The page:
2. To wait for something, such as a broadcast, to resume.
3. To remain uninvolved; refrain from acting: stood by and let him get away.
4. To remain loyal to; aid or support: stands by her friends.
5. To keep or maintain: stood by her decision.
stand down
1. Law To leave a witness stand.
2. To withdraw, as from a political contest.
3. To end a state of readiness or alert.
4. To go off duty.
stand for
1. To represent; symbolize.
2. To advocate or support: stands for freedom of the press.
3. To put up with; tolerate: We will not stand for impertinent behavior.
stand in
To act as a stand-in.
stand off
1. To stay at a distance; remain apart or aloof.
2. To put off; evade.
3. Nautical To maintain a course away from shore.
stand on
1. To be based on; depend on: The success of the project stands on management's support of it.
2. To insist on observance of: stand on ceremony; stand on one's rights.
stand out
1. To protrude; project.
2. To be conspicuous, distinctive, or prominent.
3. To refuse compliance or maintain opposition; hold out: stand out against a verdict.
4. Nautical To maintain a course away from shore.
stand over
1. To watch or supervise closely.
2. To hold over; postpone.
stand to
To take up positions for action.
stand up
1. To remain valid, sound, or durable: His claim will not stand up in court. Our old car has stood up well over time.
2. Informal To fail to keep a date with.
stand a chance
To have a chance, as of gaining or accomplishing something.
stand (one's) ground
1. To maintain one's position against an attack.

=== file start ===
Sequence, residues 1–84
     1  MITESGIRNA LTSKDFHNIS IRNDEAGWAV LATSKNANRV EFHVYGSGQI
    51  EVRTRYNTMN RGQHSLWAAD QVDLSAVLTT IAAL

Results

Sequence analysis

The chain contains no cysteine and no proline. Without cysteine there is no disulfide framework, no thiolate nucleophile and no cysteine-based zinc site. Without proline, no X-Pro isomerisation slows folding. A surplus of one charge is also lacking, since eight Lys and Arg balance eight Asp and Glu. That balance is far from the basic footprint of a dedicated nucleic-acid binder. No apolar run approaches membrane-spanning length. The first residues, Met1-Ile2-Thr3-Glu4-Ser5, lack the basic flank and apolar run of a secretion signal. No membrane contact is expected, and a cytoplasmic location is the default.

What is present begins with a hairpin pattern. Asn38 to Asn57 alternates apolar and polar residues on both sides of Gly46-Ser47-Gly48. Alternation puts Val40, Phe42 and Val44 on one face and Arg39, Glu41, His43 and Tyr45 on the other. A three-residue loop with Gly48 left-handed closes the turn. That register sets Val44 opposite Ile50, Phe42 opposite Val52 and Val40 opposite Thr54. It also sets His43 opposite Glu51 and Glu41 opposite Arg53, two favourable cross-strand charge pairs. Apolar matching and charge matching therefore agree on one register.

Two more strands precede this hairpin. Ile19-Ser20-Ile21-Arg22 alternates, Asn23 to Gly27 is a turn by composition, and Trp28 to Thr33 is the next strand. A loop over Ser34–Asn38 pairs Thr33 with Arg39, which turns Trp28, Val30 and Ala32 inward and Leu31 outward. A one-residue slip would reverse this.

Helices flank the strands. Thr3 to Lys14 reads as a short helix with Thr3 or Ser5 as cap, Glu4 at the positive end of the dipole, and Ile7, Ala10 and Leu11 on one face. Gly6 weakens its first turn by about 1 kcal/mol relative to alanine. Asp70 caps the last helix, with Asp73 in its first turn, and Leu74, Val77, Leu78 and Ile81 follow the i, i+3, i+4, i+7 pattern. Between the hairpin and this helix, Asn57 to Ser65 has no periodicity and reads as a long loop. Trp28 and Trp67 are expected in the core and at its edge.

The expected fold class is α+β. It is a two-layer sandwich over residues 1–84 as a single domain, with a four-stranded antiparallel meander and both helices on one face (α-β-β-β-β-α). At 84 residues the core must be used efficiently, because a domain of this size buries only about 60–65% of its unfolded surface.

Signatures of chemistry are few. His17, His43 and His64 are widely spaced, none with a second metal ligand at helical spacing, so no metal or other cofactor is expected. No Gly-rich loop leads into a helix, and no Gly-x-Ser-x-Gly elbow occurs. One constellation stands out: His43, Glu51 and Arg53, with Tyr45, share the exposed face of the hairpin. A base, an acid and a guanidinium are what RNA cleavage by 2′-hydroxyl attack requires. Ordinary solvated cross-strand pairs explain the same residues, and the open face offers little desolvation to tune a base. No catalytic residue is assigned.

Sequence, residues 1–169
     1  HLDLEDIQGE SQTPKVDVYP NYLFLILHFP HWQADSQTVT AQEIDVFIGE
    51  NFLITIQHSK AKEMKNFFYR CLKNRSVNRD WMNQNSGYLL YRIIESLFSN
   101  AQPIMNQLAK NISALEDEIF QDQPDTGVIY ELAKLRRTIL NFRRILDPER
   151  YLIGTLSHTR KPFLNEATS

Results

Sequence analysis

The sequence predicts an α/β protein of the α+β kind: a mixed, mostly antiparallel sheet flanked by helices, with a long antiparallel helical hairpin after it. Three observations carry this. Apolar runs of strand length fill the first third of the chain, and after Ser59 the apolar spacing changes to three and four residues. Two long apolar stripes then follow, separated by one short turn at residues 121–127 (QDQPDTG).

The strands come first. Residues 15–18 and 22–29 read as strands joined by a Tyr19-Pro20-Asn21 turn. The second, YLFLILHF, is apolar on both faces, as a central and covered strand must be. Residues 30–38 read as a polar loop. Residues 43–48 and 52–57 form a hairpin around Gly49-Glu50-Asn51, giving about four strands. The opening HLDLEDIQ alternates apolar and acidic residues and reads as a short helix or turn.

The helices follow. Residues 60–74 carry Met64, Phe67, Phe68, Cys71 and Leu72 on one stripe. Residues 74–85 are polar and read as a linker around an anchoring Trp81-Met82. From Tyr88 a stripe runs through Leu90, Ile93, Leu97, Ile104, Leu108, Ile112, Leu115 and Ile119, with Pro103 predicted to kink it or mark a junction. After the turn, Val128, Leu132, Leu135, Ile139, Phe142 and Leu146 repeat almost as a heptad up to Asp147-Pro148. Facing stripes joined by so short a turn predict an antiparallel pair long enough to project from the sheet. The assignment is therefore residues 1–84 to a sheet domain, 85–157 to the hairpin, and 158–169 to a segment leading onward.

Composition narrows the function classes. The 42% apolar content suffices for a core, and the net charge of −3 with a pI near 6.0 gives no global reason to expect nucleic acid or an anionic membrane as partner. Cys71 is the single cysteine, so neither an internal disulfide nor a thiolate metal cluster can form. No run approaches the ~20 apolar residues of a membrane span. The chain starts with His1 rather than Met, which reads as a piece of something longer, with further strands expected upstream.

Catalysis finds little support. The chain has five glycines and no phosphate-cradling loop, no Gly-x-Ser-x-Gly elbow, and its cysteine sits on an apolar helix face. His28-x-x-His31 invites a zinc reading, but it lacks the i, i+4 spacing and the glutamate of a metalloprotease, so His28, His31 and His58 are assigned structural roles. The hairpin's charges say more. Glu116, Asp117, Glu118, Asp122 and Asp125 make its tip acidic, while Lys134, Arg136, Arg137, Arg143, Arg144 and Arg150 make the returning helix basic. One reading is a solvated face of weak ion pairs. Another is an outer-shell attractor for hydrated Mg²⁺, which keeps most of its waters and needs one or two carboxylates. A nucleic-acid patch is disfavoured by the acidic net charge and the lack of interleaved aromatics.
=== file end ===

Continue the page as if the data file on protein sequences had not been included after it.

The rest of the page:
2. To refuse to compromise; be unyielding.
stand on (one's) head
Sports To make numerous sprawling or dramatic saves. Used of a goalie.
stand on (one's) own/two feet
To be independent and responsible for oneself.
stand pat
1. To oppose or resist change.
2. Games To play one's poker hand without drawing more cards.
stand to reason
To be consistent with reason: It stands to reason that if we leave late, we will arrive late.
stand up for
1. To side with; defend.
2. To stand up with.
stand up to
To confront fearlessly; face up to.
stand up with
To act as best man or maid of honor for (the groom or bride) at a wedding.

[Middle English standen, from Old English standan; see stā- in Indo-European roots.]

stand′er n.

stand on

vb (intr)
1. (Nautical Terms) (adverb) to continue to navigate a vessel on the same heading
2. (preposition) to insist on: to stand on ceremony.
3. stand on one's own feet stand on one's own two feet informal to be independent or self-reliant
References in classic literature ?
And they named certain of the great generals, and were in turn bidden to stand on one side together with those whom they had named.
There was also a cup of rare workmanship which the old man had brought with him from home, studded with bosses of gold; it had four handles, on each of which there were two golden doves feeding, and it had two feet to stand on.
It irks me, nevertheless, that the partner of her iniquity should not at least, stand on the scaffold by her side.